In this second half of our conversation with Dr. Godfrey, we learn Rome’s understanding of tradition, the ambiguity of patriarchal-sacramental language, and just how Rome dances the Tiber Two-Step.
In this second half of our conversation with Dr. Godfrey, we learn Rome’s understanding of tradition, the ambiguity of patriarchal-sacramental language, and just how Rome dances the Tiber Two-Step.
The White Horse Inn store is now ready to ship copies of Michael Horton’s newest book Pilgrim Theology: Core Doctines for Christian Disciples. Before you head off to Amazon, know that they aren’t going to ship until February 5. Oh, and there is one other thing, only the WHI store will send you the book signed by Dr. Horton!
The 2011 award-winning publication The Christian Faith garnered wide praise as a thorough, well-informed treatment of the philosophical foundations of Christian theology, the classical elements of systematic theology, and exegesis of relevant biblical texts. Pilgrim Theology distills the distinctive benefits of this approach into a more accessible introduction designed for classroom and group study.
In this book, Michael Horton guides readers through a preliminary exploration of Christian theology in “a Reformed key.” Horton reviews the biblical passages that give rise to a particular doctrine in addition to surveying past and present interpretations. Also included are sidebars showing the key distinctions readers need to grasp on a particular subject, helpful charts and tables illuminating exegetical and historical topics, and questions at the end of each chapter for individual, classroom, and small group reflection.
Pilgrim Theology will help undergraduate students of theology and educated laypersons gain an understanding of the Christian tradition’s biblical and historical foundations.
Who is Jesus, and what was his ultimate mission? Some today say that he was a kind of philosopher or moral reformer who teaches us all to share our toys and behave on the playground of life. But these views presuppose that the human predicament is that we simply need a little advice or enlightenment, and not something drastic like eternal redemption from sin, death, and hell. On this edition of White Horse Inn the hosts will continue to unpack the first two chapters of John’s gospel and will point out the significance of Christ’s role as the “lamb of God who takes away the sin of the world.”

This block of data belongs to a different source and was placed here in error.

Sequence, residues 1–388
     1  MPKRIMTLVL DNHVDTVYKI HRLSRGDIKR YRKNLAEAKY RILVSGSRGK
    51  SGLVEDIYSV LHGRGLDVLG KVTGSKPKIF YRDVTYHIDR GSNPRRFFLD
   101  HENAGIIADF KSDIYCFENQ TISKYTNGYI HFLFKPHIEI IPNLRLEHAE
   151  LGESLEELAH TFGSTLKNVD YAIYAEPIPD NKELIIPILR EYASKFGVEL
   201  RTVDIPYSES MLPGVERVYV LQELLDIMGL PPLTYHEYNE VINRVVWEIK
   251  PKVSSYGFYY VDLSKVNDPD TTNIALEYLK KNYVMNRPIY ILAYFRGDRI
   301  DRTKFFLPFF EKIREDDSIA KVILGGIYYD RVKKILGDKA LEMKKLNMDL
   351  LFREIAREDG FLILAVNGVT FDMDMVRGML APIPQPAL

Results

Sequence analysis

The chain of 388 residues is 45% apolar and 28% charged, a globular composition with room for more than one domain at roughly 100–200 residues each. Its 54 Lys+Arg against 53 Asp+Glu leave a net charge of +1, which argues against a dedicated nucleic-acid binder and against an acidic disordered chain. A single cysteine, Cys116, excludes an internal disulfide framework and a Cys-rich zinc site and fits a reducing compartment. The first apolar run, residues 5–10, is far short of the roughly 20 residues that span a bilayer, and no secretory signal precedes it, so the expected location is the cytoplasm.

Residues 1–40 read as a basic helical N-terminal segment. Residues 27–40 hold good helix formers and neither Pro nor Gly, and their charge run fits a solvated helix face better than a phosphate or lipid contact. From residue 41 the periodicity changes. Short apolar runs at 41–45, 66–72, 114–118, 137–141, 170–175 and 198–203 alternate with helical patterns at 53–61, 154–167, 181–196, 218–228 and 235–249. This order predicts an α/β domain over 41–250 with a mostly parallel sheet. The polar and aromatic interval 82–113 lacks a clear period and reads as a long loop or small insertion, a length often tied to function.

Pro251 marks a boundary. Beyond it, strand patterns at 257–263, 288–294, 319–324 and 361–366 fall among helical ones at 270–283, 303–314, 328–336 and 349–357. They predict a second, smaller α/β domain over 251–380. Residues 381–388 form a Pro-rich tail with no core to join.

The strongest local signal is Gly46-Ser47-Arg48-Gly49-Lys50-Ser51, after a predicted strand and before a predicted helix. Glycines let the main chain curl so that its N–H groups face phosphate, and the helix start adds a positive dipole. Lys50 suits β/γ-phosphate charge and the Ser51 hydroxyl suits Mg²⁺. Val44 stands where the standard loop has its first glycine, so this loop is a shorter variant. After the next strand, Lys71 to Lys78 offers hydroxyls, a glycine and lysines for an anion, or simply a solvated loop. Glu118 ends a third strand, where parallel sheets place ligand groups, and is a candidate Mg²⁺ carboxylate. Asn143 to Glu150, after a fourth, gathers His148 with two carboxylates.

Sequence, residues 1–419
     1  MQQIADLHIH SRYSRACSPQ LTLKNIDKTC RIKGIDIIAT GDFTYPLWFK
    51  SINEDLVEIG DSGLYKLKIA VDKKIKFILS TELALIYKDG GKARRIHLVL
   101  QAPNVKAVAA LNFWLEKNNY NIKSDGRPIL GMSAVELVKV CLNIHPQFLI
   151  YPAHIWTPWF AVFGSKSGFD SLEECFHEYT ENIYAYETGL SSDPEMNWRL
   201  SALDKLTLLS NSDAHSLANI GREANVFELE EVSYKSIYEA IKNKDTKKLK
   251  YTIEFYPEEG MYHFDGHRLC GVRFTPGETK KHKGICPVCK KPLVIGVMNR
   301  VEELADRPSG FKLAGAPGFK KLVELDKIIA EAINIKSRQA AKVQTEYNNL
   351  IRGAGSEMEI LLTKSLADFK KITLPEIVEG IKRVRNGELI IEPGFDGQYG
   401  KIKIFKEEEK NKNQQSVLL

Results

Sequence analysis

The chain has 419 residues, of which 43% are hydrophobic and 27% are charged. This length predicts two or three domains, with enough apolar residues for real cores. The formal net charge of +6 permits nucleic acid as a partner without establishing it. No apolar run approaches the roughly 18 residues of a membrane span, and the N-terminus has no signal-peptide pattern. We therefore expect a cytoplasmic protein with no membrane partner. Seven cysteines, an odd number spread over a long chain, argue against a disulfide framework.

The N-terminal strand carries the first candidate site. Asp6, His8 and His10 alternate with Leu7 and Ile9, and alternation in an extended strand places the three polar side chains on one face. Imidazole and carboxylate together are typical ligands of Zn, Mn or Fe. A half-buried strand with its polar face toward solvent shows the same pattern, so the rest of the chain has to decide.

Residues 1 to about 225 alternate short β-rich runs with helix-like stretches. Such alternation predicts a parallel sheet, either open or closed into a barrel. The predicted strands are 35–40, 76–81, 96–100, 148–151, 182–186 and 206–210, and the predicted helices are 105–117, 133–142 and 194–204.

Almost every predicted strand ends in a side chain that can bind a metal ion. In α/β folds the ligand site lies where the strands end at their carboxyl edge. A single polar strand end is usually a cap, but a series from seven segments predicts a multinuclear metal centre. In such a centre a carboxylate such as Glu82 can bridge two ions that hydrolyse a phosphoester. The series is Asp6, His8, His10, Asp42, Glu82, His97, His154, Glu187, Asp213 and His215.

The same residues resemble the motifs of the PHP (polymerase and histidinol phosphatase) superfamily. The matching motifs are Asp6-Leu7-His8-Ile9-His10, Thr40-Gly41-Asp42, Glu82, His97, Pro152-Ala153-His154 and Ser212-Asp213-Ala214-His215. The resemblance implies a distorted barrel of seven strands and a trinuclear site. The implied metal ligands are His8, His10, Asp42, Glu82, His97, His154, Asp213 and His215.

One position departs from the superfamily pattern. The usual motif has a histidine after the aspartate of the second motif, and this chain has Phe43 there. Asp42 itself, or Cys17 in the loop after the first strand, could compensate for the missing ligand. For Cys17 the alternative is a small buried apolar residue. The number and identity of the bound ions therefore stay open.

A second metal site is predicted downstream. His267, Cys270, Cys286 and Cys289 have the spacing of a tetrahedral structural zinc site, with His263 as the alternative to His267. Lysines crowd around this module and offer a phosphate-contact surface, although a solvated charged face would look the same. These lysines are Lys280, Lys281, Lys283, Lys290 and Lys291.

It’s been out for a while, but depending on how things go at the Oscars on February 24, Les Mis may be around for a while. We have a White Horse Inn interview on the movie here and a blog review here. But a long-time contributor (former editor) and pastor/professor Brian Lee has a slightly different take on the film. In keeping with our purpose of provoking good conversations, we’re delighted that Brian wrote this for our blog.
Almost a month has passed now since a new generation of audiences have experienced the musical production of Les Miserables on the big screen. I was among those who had long heard of the redemptive power of Victor Hugo’s story, yet had never seen or read the story. Going in, I was primed to be blown away by a lifetime of sermon illustrations about silver candlesticks.
And I was indeed blown away. The ample analogies of the Law and Grace have been ably catalogued elsewhere, including in the excellent White Horse Inn discussion. Being a good Calvinist, the story already had me at its portrayal of slavery and bondage… yes, the waterworks began in the opening number. But the gracious gift of the aforementioned candlesticks, offered to the ungrateful rebel in the place of a guilty verdict, packs a big punch. The gifted candlesticks travel with Valjean through the film; a life is transformed; grace resonates through the ages. The gift is even Christological, given by a representative of Christ and premised upon his passion and blood. The Law in Javert hounds. There are echoes of the substitutionary atonement, and the recurring question whether Valjean will identify with the Old Man, the criminal, or the New.